Service component in classes equips to serve

The “Core 4” student learning outcomes are clear goals for professors and students alike to gauge the application and importance of a course.

There is no doubt that faculty and staff at CBU understand the importance of layering education with the word of God and expansion of the kingdom.

Each academic program at CBU, more so the professional majors that equip students for a specific career path, have a more evident “equipped to serve” component.

All majors on campus are able to give students the opportunity to apply what they learn in their program directly into their respective career fields.

“Equipped to serve” has two major focuses: transferring students to a profession and the workplace and implementing a personal and social ethic that results in information participation in multiple levels of the community.

Academic programs university-wide are staying true to the “Core 4” and are incorporating the service component into the core curricula of academic programs.

Serving through class assignments is both beneficial for the community and makes the assignment seem much more worthwhile.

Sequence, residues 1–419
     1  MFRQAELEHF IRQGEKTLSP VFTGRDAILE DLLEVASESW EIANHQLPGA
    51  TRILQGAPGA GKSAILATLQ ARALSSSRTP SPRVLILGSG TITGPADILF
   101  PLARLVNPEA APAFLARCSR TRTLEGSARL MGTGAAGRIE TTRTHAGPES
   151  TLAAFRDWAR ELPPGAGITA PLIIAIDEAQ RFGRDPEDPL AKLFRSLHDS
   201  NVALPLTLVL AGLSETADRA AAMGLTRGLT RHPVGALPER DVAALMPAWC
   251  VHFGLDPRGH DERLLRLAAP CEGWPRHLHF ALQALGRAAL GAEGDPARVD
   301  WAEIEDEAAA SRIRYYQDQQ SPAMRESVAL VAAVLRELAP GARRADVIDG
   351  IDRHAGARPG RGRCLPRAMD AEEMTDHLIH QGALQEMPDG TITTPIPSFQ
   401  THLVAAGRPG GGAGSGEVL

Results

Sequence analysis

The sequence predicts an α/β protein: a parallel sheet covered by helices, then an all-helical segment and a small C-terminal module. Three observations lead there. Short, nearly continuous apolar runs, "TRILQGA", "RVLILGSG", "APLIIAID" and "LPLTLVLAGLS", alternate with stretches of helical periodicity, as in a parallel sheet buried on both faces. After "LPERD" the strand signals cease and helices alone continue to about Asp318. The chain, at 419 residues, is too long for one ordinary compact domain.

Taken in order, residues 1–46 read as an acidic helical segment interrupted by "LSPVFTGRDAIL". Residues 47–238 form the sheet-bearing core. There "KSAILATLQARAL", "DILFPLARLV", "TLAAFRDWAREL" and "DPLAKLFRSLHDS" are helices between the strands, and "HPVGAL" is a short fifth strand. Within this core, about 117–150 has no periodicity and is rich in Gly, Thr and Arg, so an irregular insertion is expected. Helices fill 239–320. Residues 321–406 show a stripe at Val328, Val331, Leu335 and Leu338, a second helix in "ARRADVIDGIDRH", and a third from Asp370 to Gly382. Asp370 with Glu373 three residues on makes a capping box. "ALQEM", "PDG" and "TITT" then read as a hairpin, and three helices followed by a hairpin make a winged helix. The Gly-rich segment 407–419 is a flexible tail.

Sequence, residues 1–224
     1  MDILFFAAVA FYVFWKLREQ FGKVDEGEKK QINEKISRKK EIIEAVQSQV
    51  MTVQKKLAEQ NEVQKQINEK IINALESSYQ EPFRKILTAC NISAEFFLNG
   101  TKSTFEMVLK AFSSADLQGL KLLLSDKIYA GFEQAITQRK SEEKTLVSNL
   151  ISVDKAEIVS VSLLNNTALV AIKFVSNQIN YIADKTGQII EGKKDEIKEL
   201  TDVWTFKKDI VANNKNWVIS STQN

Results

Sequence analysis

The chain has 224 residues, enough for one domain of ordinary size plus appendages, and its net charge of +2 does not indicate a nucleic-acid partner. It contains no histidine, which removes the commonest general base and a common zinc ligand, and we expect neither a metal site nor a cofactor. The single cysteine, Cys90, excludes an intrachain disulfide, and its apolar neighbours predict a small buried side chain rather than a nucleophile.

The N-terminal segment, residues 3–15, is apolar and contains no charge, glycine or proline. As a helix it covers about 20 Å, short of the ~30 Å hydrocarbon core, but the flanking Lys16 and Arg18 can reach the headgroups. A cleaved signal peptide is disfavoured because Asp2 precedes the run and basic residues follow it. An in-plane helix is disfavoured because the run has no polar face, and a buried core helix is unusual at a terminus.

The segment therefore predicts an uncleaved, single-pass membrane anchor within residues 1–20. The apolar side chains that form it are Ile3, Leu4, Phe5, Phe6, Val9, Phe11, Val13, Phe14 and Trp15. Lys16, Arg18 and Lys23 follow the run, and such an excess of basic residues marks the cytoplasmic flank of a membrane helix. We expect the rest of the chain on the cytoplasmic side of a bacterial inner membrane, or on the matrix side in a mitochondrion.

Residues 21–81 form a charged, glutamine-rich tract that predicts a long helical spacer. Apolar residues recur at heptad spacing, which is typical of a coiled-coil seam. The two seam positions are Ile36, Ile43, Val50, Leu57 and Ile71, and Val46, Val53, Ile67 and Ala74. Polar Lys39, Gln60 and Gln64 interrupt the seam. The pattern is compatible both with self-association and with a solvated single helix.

Graphic design students have class assignments to design logos for local startup companies.

Engineering students work on capstone projects that range from a water filtration system to an efficient aeronautical fuel barrel lift system for nonprofit organizations.

Communication arts students have been applying their skills in social media and public relations by serving as interns for businesses through the Riverside Downtown Partnership.

Liberal studies students volunteer in classrooms and assist teachers in grading and classroom activities.

Many more programs do wonderful things for the community, and that is something for which this university should be extremely proud.

Although we do appreciate these solutions for our hunger to serve, I would like to see students taking the initiative and applying their newly learned skill sets in bettering the community around us.

More times than not, I see students who only squeeze by and only do the minimum.

This not only acts as a training ground for students but it also benefits the community.

About Matthew Swope

Managing Editor

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